The future of ASEAN is necessarily unknown. Its futures, however, can be guessed with less risk of being wrong. The purpose of this article is not to predict with confidence but to "pandict" with reticence—not to choose one assured future but to scan several that could conceivably occur. Also, what follows is merely a range of possible futures, not the range. The five different ASEANs of the future all too briefly sketched below are meant to be suggestive, but they are neither fully exclusive nor jointly exhaustive. Potentiality outruns imagination.

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    Working Paper

    Donald K. Emmerson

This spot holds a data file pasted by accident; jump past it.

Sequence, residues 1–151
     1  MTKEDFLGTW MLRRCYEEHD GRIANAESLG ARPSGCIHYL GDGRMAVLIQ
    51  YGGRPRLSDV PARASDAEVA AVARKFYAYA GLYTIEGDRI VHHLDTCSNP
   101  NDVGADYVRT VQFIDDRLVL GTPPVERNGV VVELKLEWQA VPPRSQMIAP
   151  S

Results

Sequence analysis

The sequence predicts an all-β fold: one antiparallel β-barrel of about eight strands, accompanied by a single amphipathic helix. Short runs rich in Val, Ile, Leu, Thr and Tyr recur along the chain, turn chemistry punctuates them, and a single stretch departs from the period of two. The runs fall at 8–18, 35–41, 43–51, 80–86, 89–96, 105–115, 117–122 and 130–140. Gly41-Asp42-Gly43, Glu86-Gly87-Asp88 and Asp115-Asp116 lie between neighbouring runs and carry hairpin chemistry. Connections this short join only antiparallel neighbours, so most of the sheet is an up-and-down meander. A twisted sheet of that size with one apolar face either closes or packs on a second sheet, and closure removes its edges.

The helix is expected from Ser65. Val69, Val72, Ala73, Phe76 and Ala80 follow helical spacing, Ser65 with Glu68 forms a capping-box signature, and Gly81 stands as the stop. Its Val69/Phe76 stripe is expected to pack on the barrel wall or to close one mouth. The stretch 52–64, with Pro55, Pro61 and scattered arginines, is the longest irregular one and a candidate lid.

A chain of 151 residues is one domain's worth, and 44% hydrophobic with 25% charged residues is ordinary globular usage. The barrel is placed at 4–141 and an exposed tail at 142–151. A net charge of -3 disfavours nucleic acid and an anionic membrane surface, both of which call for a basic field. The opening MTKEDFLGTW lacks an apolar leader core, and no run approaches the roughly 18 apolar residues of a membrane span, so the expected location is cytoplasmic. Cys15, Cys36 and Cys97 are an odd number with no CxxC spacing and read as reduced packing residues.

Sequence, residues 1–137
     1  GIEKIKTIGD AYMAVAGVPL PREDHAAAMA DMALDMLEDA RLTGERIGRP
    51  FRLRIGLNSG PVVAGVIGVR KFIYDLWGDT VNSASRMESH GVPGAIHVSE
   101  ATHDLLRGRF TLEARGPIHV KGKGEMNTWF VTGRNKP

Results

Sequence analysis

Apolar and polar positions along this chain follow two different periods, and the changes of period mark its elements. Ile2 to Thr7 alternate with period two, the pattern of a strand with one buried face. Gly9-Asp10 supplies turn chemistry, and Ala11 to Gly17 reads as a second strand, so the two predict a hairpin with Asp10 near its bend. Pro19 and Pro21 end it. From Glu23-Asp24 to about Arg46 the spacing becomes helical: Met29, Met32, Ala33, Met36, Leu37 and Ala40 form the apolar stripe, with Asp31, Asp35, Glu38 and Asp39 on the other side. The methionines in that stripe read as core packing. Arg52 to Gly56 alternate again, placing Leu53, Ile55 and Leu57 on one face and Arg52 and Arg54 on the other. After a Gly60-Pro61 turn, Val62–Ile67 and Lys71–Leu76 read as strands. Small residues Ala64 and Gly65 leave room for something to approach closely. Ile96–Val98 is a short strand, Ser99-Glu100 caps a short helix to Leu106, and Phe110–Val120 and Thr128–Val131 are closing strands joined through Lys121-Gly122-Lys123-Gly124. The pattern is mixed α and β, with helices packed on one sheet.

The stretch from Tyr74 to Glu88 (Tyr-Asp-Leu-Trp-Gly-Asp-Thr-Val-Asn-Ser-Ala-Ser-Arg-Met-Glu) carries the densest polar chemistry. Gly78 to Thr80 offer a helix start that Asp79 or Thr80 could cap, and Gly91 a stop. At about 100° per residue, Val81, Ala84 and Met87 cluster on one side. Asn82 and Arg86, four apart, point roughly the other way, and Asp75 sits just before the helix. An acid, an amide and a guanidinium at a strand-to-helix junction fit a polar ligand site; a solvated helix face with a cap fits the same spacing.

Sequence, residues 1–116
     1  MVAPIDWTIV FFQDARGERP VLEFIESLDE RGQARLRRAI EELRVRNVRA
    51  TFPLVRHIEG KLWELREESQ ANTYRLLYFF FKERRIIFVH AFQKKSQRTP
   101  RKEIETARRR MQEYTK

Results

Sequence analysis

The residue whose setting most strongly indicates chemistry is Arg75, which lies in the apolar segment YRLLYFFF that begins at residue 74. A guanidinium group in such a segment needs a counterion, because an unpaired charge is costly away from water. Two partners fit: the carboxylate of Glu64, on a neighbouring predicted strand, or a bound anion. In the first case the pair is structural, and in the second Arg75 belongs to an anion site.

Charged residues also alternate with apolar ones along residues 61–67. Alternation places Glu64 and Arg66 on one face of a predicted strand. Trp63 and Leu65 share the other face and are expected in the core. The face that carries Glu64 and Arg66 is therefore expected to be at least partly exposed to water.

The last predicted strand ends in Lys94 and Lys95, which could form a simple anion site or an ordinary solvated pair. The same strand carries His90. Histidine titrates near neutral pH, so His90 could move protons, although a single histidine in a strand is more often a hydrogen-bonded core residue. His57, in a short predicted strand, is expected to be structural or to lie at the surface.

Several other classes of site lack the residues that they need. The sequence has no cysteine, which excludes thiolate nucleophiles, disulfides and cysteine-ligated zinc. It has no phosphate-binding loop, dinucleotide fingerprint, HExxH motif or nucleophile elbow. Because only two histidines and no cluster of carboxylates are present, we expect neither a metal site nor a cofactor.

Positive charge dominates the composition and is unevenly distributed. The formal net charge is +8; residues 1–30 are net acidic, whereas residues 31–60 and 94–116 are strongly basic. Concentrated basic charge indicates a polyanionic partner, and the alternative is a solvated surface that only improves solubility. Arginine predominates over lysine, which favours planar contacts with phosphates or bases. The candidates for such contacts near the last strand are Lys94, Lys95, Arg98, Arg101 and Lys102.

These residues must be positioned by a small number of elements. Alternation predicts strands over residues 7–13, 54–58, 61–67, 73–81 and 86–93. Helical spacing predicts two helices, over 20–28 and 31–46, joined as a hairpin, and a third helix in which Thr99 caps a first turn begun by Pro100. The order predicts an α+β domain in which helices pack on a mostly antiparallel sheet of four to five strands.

June 2017, 2017

    The future of ASEAN is necessarily unknown. Its futures, however, can be guessed with less risk of being wrong. My purpose here is not to predict with confidence but to “pandict” with reticence—not to choose one assured future but to scan several that could conceivably occur. Also, what follows is merely a range, not the range.  The five different ASEANs of the future all too briefly sketched below are meant to be suggestive, but they are neither fully exclusive nor jointly exhaustive. Potentiality outruns imagination.

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    Journal Article

    Donald K. Emmerson
    TRaNS: Trans-Regional and -National Studies of Southeast Asia, 2017

    Admirers of the Association of Southeast Asian Nations (ASEAN) are impressed with the fact that it continues to exist and that an outright war has never broken out between its members. Also often praised is the value to the region of promoting cooperation through the consensual process known as the ‘ASEAN Way’. If ASEAN is a talk shop, these observers say, talking is at least better than fighting.